Connections between the villain and the hero, literately or figuratively, makes the villain more endearing to an audience. An illustration of this could be seen in the relationship between Darth Vader and his son Luke Skywalker in the original trilogy. Darth Vader underwent and lost his battle against the dark side in prequels, the same fight that Luke undergoes in the movies Freudian theory provides an explanation for why hero-villain relationships resonate with audiences. This connection between the antagonist and protagonist is important as it introduces an element of uncertainty in the story. The uncertainty is caused as the audience are left to wonder if protagonist will join forces with antagonist due to their shared connection. This uncertainty resonates with viewers as audience mentally associate different aspects of themselves to heroes and villains portrayed. The audience initially identify with the hero’s illusory superiority with their own. Audience transfers their own positive qualities to the hero and identify negatively with the villain. As the audience are omni-potent in the context of the movie, the movie acts as simulation for the audience to explore the consequences of actions as portrayed by the characters as consequence of their morality, i.e. Id and super-ego. The ego, the middle ground between Id and super-ego, is the rational, pragmatic and logical piece of ones’ identity. Freud believed ego to be the identifier of “self,” and its main responsibility is to balance the demands of the Id and super-ego in practical reality. Accordingly, the ultimate struggle faced by humans is to balance the primordial super ego and Id inside oneself. The balance of super-ego and id is a consequence rather than a deliberate step. Ego provides solutions and reasons to the struggles faced by humans. When ego is unable to provide an adequate explanation for one’s experiences, one reverts to primal id or attempts to use super-ego to reason out of the problem. When the forces of good, often portrayed as representatives of super-ego in films, are unable to provide a solution or reason to the hero’s inner struggles, it often pushes them from the ‘good’ path. This push culminates in the characters transforming themselves into the villain.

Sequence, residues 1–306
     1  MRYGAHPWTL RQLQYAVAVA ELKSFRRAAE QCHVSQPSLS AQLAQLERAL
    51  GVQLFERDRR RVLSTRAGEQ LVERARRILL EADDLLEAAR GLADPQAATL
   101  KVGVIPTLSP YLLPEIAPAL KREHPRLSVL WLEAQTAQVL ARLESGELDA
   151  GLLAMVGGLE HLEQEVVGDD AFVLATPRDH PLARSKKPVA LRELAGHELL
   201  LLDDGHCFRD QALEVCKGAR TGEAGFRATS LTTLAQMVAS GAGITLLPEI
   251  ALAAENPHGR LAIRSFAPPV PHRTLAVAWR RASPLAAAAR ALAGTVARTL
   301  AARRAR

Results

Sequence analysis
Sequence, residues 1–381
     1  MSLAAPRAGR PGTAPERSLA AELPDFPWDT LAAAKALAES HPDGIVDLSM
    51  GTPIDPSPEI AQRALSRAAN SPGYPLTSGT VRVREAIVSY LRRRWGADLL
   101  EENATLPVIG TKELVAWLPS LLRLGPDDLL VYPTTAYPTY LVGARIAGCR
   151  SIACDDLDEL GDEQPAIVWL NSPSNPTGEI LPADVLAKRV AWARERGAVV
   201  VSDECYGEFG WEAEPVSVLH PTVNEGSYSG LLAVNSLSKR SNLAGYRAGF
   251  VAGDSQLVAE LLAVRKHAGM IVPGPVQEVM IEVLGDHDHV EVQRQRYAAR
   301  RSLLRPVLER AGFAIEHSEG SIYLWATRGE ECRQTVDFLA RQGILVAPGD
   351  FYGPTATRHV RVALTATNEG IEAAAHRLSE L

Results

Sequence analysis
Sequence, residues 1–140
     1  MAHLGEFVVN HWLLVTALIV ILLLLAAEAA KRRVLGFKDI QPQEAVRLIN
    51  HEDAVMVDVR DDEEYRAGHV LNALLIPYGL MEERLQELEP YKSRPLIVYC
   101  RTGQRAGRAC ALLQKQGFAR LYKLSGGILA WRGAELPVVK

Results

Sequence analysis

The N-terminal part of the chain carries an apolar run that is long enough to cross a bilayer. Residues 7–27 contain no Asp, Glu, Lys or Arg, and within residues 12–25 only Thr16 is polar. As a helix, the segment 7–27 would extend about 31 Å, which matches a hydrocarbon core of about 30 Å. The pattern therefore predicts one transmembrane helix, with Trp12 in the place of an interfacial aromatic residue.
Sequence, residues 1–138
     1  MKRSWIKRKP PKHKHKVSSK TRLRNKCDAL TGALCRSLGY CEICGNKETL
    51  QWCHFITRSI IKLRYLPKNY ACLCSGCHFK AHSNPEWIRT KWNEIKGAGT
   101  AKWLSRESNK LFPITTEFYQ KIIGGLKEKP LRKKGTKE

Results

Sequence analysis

To illustrate how this characteristic can be exploited to create iconic villains, we examine Darth Vader. In prequel trilogy, the fear of loss of the woman he loves pushes Anakin Skywalker away from the path of good. In Anakin’s case, he dreamt of his wife, Padme, dying in labor. Subsequently upon approaching Darth Sidious, representative of Id, and Yoda, representative of super-ego, both offer Anakin their beliefs on death but the fact that it is not Yoda but Sidious who is able to provide the ideal solution that Anakin is seeking for; pushing Anakin away from the Jedi and causes him to fall to the dark side. The audience in their omnipotence can examine the consequences of choosing either Id or super-ego over the other. This association becomes extremely powerful as audience attempt pre-empt the steps of the villain and the hero in their own minds. This form of extreme association allows characters, in this case Vader, to become effective, iconic and well-designed villains. Luke in Empire Strikes Back is at the same position with regards to his sister, Leia and the fate of the rebellion. Luke can choose the dark side, embrace his id qualities to defeat Vader and Sidious and try to save all he cares about or embrace the super-ego side and sacrifice himself, his sister and the rebellion. When the audience sees embracing Id as the moral choice that has a possible solution to crises, they subconsciously root for Id. By drawing upon the audience’s own subconscious attempts to effectively attempt to solve the moral issue facing the protagonist, the audience to conclude its better to be a villain with a chance for success than rather a victim. Thus, even though the audience initially identify with the hero Luke Skywalker, the also slowly start rooting for the villain, Vader.
The role of the villain in a story is both paradoxical yet important. Without a villain, heroes can’t be hero. For villain to be truly effective they must be manifestation of the audience’s subconscious moral ethics. The Joker is a good villain because he is a manifestation of the audience Id. Darth Vader is effective for another reason, that has to with him being associated with the protagonist. This connection is effective due to both narrative plots as well as exploiting the psychological associations between the audience and the characters.